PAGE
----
Aircraft Radial Engines Used In Tanks Manuals

Discussion in 'Engines' started by superkeith1872, Jun 18, 2011.

  1. superkeith1872

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    Some tanks during WW2 actually had radial aircraft engines. There are a couple technical repair manuals for the R-975 and this engine was built on the same line as the engine used for aircraft, in fact it's identical enough, I read an article a while back showing the FAA considers these engines legal for aircraft since they were aircraft built engines, even though they were installed in Sherman tanks. The RD-1820 engine was an R-1820 of B-17 fame but converted to diesel by Caterpillar and used in M6 tanks and i believe some M4 Shermans. There is also a Breeze starter cartridge manual which is the same system used on some aircraft during the war. Enjoy! Keith
     
  2. stonecold

    stonecold Member

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  3. NVSMITH

    NVSMITH New Member

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    -Note the comment in TM 9-1731 that the manual is for the cartridge starting system of the Guiberson diesel which was evidently more successful in armor vehicles than it was in aircraft. "The breeze cartridge starter G-1154R is used on the Diesel engined light tanks M2A4, M3, M3A1, and the Diesel engined medium tanks M3, M3A1, and M3A2."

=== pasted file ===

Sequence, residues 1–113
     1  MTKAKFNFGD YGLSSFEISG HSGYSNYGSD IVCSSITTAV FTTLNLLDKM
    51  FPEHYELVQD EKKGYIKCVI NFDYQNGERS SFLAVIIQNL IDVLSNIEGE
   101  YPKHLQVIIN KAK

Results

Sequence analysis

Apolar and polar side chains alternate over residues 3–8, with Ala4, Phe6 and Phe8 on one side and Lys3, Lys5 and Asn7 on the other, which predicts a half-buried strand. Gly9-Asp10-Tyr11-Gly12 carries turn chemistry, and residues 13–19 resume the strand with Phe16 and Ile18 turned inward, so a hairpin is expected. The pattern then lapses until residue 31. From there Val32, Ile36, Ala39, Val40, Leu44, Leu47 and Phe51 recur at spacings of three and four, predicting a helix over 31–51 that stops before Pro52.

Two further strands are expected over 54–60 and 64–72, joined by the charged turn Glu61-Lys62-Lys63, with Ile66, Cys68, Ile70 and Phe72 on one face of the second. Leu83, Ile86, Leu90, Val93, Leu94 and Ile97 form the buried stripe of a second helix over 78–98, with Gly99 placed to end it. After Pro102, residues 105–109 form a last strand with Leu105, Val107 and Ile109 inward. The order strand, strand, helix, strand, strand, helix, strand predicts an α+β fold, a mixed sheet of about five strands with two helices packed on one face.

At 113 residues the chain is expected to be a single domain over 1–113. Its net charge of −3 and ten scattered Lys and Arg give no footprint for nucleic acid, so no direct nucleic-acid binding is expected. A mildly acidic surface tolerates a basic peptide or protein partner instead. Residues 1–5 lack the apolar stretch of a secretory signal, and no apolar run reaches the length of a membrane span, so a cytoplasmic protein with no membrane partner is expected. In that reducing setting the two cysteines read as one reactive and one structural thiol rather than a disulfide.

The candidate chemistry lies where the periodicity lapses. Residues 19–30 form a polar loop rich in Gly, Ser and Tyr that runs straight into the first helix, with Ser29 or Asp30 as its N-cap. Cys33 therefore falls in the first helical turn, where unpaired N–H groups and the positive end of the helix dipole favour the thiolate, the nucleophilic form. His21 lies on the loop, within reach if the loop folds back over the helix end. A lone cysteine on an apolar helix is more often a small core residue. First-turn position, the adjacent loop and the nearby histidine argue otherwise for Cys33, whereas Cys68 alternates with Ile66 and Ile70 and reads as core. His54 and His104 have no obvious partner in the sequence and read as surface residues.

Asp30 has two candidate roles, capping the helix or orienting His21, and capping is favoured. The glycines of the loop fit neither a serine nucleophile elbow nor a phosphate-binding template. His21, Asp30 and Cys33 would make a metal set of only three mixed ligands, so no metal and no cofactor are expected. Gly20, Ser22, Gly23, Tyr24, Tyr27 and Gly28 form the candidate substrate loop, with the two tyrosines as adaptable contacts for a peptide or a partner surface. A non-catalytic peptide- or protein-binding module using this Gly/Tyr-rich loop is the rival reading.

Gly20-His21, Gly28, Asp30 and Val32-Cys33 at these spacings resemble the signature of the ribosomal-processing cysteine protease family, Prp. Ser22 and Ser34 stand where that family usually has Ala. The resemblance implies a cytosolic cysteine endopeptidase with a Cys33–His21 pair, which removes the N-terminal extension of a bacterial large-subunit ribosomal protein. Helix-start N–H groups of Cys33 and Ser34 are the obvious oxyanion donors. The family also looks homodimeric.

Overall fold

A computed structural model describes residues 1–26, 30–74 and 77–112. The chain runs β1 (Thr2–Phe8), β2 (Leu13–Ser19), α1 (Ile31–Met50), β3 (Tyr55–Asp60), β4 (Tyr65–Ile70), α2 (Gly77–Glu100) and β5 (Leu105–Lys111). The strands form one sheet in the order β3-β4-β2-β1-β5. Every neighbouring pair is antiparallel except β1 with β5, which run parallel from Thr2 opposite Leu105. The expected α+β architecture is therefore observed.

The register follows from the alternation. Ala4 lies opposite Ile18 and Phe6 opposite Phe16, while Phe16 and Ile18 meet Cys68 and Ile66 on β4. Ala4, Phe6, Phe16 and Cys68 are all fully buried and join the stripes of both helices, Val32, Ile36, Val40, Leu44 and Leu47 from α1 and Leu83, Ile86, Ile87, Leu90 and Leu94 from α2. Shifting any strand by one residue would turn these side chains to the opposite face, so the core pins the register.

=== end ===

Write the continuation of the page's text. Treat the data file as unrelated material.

4. gina

    gina New Member

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    Many thanks Keith.

    those manuals are fantastic .

    I am reasonably certain that the 1820 was never converted to a diesel engine...I suspect you mean it was modified so it was low enough compression to run on diesel. the continental engine had the disadvantage of needing 90 octane ...then avgas...to run on and was un-liked in the field for this reason . The W-670 ran on 80 octane which was bad enough when standard fuel in the field was 70.

    Many M3 grant/lees ran twin 6 cyl 370 hp Diesel engines . The wright /continental 975 was a bit under powered for such a heavy vehicle.

     
  5. bobm4360

    bobm4360 Member

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    RTFM! 15.5:1 compression plus supercharger, fuel injection, no spark plugs. Sounds like a diesel to me.......
    Regards,
    Bob
     
  6. davebender

    davebender Well-Known Member

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    That wasn't the worst problem.

    Per Belton Cooper U.S. radial tank engines fouled spark plugs far too quickly. He describes rushing a crate of spark plugs to a Sherman tank battalion at night so they would be combat capable by dawn.

    Some vehicles such as M18 tank destroyer drew cooling air through the crew compartment. A great idea in July as it helped cool the space. A disaster in January as it was impossible to heat the crew compartment.
     
  7. camman

    camman New Member

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    Actually, all gasoline-powered american vehicles used 80 octane gasoline whether they needed it or not. If you look at pages 22-24 of this army document, you can see what these engines required. View attachment Vol-II-Part_3.pdf
     
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